Illegal Bitcoin Transactions Occurring on the Dark Web

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The Worldcore.trade European crypto exchange conducted its own research seeking an answer on whether in mid-2018 Bitcoin transactions can be considered the currency of hackers, drug addicts and weapon traders. In January 2018 two independent groups of researchers published the results of their evaluation of Bitcoin involvement in sale and purchase transactions of illegal and criminal goods online. Especially, in its most concealed and mysterious parts of the Dark Web – the Darknet Marketplaces (DNM). They are an equivalent of Ebay, Amazon and Alibaba with far more particular and also illegal goods.

The first study was conducted by the Elliptic agency under the Fonda Foundation for Defense of Democracies, and demonstrated on a sample from 2013-2016 that only 0.61% of all Bitcoins that pass through conversion services (exchanges, change services, mixers, casinos) were obtained as a result criminal transactions (Bitcoin Laundering: An Analysis of Illicit Flows into Digital Currency Services, 2018). The second research study was conducted by a group of Australian scientists and the Sydney School of Economics, which demonstrated on a sample from 2009-2017 that approximately 51% of Bitcoin wallets hold illegal funds and about 20% of the Bitcoin transactions traffic is comprised of funds obtained in a criminal manner.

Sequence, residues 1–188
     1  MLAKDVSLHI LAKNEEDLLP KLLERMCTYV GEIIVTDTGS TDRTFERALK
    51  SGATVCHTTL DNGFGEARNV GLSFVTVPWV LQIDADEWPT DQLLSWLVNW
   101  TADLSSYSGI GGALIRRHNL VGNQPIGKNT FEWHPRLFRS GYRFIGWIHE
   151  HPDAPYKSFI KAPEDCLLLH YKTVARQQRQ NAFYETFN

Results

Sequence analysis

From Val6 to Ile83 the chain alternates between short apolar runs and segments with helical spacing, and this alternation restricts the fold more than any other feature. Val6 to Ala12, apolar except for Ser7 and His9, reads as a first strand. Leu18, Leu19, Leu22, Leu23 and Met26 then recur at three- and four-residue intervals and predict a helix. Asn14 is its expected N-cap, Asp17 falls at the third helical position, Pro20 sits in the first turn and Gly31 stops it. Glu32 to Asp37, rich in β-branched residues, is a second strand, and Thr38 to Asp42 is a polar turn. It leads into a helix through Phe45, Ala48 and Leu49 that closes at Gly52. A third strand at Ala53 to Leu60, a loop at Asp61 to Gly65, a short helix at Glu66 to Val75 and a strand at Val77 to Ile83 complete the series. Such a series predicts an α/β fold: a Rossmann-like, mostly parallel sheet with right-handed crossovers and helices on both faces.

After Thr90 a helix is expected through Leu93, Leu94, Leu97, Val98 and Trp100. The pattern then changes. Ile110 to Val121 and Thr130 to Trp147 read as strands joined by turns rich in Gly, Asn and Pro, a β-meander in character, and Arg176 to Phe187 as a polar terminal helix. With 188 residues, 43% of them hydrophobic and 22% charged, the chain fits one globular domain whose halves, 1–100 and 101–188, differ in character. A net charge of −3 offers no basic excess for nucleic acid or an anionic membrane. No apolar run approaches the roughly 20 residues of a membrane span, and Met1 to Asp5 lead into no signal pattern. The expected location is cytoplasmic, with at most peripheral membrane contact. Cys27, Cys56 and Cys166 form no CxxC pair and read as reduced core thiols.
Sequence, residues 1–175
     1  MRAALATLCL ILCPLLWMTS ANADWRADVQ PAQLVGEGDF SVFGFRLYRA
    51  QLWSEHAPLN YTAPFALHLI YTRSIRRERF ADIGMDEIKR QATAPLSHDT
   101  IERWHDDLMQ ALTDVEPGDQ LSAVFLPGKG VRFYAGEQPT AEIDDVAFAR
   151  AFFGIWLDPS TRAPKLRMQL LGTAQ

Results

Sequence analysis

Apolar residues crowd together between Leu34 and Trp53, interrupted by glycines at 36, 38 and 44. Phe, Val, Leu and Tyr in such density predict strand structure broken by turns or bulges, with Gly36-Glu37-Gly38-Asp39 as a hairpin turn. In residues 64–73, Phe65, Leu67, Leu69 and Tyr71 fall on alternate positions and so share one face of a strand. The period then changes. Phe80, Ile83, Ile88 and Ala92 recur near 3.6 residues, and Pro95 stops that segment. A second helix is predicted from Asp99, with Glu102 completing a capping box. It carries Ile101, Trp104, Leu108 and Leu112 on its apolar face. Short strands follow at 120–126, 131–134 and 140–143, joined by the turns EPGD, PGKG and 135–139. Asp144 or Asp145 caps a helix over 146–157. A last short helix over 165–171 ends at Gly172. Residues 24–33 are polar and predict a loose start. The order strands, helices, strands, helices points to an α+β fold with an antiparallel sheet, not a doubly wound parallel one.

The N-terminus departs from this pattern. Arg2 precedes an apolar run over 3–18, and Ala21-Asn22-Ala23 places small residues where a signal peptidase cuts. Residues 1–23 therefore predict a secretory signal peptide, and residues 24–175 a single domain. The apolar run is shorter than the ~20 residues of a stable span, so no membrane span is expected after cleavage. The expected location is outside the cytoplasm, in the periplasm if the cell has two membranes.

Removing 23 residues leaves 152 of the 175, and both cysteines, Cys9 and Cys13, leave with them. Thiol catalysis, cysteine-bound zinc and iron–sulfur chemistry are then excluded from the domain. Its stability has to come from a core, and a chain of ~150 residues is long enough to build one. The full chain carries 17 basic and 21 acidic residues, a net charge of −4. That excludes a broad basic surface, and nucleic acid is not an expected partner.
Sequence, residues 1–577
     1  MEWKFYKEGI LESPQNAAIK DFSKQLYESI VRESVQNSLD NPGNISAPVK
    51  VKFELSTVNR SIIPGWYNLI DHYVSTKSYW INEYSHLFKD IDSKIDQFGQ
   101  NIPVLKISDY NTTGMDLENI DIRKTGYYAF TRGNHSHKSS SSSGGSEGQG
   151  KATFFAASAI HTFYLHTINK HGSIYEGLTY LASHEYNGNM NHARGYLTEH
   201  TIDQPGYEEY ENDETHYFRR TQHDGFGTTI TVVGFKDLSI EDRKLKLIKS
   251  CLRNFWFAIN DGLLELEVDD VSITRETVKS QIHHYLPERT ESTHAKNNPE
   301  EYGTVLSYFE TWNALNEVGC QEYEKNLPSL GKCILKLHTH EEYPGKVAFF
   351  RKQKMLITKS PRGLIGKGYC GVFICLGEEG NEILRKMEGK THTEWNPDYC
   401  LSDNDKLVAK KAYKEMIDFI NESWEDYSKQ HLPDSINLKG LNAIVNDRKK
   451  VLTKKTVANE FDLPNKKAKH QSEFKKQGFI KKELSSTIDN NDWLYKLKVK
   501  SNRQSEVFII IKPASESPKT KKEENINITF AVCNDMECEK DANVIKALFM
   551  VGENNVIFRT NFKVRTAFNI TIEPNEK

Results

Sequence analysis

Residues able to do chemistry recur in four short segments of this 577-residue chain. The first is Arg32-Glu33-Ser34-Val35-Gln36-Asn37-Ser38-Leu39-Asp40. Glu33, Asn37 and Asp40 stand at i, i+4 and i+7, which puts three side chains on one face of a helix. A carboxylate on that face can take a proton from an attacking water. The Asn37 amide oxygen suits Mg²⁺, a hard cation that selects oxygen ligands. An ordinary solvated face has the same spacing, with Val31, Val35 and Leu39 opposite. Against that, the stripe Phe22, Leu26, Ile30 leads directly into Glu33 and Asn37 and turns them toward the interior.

Yet again a great research by Worldcore

A direct explanation of the difference in the results of method application may be in the fact that the absolute majority of Bitcoin transactions don’t go through exchanges or change services, being transferred between the buyer’s and seller’s wallets and as a result is not detected by the first research team’s algorithms. In order to explain the divergence in the results of the two groups’ researches and the construction of its own model of evaluating the movement of criminal capital through the Bitcoin blockchain, in June 2018 the worldcore.trade exchange team from the Europena fin-tech startup, Worldcore.eu conducted a research according to its own methodology.

According to the leader and CEO of Worldcore, Alexey Nasonov, an indirect method was adopted in order to estimate the volume of transactions involving illegal goods. It does not entail the direct analysis of blockchain transactions with “exposed” criminal wallets, but rather it first determines the capacity of the criminal goods market and its segments services by the Darknet based on big data obtained from trusted sources. Only then is the total volume of illegal trades compared to the total volume of Bitcoin transactions in the same period of time.